One hundred years ago today, Edward Plummer went in search of companionship in Broken Hill. His night ended badly.
In 1923, 30-year-old Edward still lived in the family home with his dad and younger brothers. His mum died two years before. Like their Broken Hill South neighbours, the Plummer men worked in the town’s famous mines.
A mountain of mining rubble called the Line of the Lode dominated the townscape and separated Broken Hill South from the town proper. On Easter Sunday, Edward made the 45-minute trek around the hill of tailings and into town, arriving at the Adelaide Club Hotel about 8 pm.
The Adelaide Club was a shithole, described by local cops as “badly conducted, badly furnished, and in need of repair.” But it was open for business on a night when most local establishments chose to respect the licencing laws and keep their doors closed.
Edward drank shandies, diluting his beer with lemonade. He was the only customer until three other men slipped in the door and introduced themselves as recently arrived South Australians.
The South Australians
22-year-old Norman Wallis was a sturdy little fella with dark hair and complexion, while 24-year-old Leslie Mounce was of similar stature but blond. Palmer Pedersen, at 28, was the oldest.
Wallis immediately latched onto Edward Plummer, leaving Mounce and Pedersen to their own devices.
All four left the Adelaide Club Hotel sometime after eleven and wandered the empty streets of Broken Hill. Unwilling to call it a night, they pounded on the closed door of the Crystal Hotel. A sleeping barman rose from the dead and agreed to serve them. Wallis shouted. Mounce, less able to handle the grog than his mates, squatted on the floor for a while and dry-retched.
The group left about three, stopping for a yak on the corner of Crystal Lane, a notoriously wretched back street. Locals complained that pedestrians sunk knee-deep in the muddy lane. Mud? In that scorched desert? Who knows! Perhaps the nightly arrests of drunks for pissing in the squalid thoroughfare explained the sludge. Passers-by did also grumble about the stench.
Edward started to say his goodbyes, aware he had a long walk home ahead of him.
Come to our place
“You can come down to our place if you like,” offered the chummy Wallis, “You can sleep in my bedroom. There is a spare bed there.”
Wallis and Edward then crossed the street while Mounce and Pedersen went on ahead. In their police statements and at later court hearings, the four participants agreed on everything until that point. However, recollections differed regarding subsequent events. But, an hour later, a battered Edward Plummer staggered into the local police yard, bleeding from the nose and mouth with his eyes and face swollen.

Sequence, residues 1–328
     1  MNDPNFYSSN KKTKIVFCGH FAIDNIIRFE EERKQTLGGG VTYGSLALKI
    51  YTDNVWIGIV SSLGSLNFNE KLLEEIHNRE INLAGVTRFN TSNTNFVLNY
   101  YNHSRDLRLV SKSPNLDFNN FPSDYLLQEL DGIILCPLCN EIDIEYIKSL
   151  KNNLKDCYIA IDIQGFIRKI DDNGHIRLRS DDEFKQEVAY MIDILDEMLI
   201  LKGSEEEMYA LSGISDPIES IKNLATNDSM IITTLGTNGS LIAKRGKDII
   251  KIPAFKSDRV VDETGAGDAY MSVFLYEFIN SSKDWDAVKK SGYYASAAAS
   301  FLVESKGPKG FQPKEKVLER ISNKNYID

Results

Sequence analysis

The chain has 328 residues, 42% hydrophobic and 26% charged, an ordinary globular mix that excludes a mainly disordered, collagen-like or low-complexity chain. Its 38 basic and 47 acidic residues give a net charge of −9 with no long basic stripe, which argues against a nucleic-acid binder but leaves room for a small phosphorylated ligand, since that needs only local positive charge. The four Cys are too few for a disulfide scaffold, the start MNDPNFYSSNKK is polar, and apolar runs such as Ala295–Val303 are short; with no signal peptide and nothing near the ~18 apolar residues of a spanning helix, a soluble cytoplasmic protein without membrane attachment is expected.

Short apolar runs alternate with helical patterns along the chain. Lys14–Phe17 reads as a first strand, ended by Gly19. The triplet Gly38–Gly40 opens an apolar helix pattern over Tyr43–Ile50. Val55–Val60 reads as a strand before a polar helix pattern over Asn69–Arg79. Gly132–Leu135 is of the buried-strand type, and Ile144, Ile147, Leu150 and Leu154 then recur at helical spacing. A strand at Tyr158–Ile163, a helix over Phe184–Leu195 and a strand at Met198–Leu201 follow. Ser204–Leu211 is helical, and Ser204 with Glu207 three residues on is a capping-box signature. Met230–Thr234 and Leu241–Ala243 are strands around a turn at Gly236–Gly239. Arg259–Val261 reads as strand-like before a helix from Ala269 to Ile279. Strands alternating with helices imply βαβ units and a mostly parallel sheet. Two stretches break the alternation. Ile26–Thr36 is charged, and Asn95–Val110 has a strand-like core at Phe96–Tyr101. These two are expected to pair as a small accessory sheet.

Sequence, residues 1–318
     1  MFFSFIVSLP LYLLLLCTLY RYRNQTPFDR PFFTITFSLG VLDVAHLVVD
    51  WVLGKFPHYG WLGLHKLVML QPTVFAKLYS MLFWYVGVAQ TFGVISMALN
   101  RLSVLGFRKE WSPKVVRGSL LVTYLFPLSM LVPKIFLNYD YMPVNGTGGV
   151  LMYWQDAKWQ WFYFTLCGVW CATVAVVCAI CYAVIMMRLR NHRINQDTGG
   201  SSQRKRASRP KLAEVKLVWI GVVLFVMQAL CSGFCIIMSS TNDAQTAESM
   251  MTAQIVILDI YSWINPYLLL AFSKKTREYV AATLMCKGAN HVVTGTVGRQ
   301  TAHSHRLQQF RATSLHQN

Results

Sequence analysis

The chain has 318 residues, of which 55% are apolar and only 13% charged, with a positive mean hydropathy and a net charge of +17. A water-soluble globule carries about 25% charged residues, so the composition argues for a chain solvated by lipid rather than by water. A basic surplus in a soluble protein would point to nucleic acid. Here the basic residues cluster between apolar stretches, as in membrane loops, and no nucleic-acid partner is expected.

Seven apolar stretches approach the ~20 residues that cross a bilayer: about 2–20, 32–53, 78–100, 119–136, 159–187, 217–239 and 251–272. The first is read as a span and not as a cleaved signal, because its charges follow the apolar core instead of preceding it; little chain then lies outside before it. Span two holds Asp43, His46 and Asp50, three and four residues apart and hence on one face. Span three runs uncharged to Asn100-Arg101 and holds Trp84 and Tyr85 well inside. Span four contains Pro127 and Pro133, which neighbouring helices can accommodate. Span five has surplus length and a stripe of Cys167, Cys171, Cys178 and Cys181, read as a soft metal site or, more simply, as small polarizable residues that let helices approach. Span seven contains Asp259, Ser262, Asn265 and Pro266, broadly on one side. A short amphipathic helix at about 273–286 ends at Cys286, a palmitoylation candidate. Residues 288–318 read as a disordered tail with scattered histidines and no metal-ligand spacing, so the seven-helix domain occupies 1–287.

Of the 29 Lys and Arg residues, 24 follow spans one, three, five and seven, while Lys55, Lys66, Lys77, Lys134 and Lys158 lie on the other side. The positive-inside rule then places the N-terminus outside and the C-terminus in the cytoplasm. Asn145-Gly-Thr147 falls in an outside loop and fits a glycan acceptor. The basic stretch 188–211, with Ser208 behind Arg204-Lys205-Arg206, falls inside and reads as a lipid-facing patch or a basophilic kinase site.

Constable Duckworth accompanied the injured man to the hospital. Plummer alleged that Wallis sexually assaulted him, after which Mounce and Wallis bashed him. Edward Plummer’s story remained consistent from his first contact with the police, throughout a magisterial hearing and finally, at a Circuit Court trial.
“There were a few empty humpies. Wallis said to me, ‘Are you coming in?’
“I said, ‘No, I’m going home.’
“Wallis forcibly dragged me into the humpy. I tried to get away, but he was too strong and tried to touch my private parts. Wallis wanted to fck me.
“He undone my trousers and my braces — undone them front and back — ripping my fly open, then lifted my shirt up over my back and made me stoop with my head against the wall. My trousers were right down. He said to me, ‘What is it, knock you or fck you?’
“Wallis took out his penis and tried to put it in my back passage. He also caught hold of my penis and started rubbing it up and down. I was kept in that position for about five minutes.”
You had better cut that game out
Meanwhile, Mounce began to wonder what had befallen Wallis.
“We walked back to the humpies. I crept up alongside to see what they were doing. Looking through a hole in the wall, I saw Plummer in a stooping position. His trousers were around his knees, his shirt thrown up over his back with the back portion of his body naked.
“Wallis was standing close up behind him, with his hand on the other man’s back.
“I called Pedersen, ‘You grab Wallis, and I will grab the other snoozer.'”
Mounce charged into the humpy.
“I said to Wallis, ‘White men don’t do that sort of thing. You had better cut that game out.’
“Wallis said, ‘I’ll fck him or knock him.’
“Plummer said, ‘Wait till I get my trousers up, Digger. Don’t hit me.’
“I struck him a couple of times.”
Pedersen had ignored Mounce’s instruction to follow him, but Mounce then hauled Plummer into the street and began punching him.
“Wallis was standing near the man who had his trousers down [Plummer],” said Pedersen, “I did not look to see if Wallis’s trousers were unbuttoned. I caught hold of Wallis then and took him away to the middle of the street, but he pulled away from me and returned to the humpy.”
Wallis joined in pummeling Plummer.
Wallis later characterised his invitation to Plummer to stay the night as innocent, even naive. He portrayed himself as the unwitting prey of a sexual predator.
“I invited Plummer to share my room. However, he went into the humpy. Thinking he meant to sleep there, I went in to see what sort of place it was, but Plummer made a certain suggestion. I was just about to strike him when Mounce came in.”
He’s a queen
Wallis told Detective Sergeant Gibson the assault occurred because “Plummer’s a queen and wanted me to fck him. I said, ‘I will fck you or knock you.'”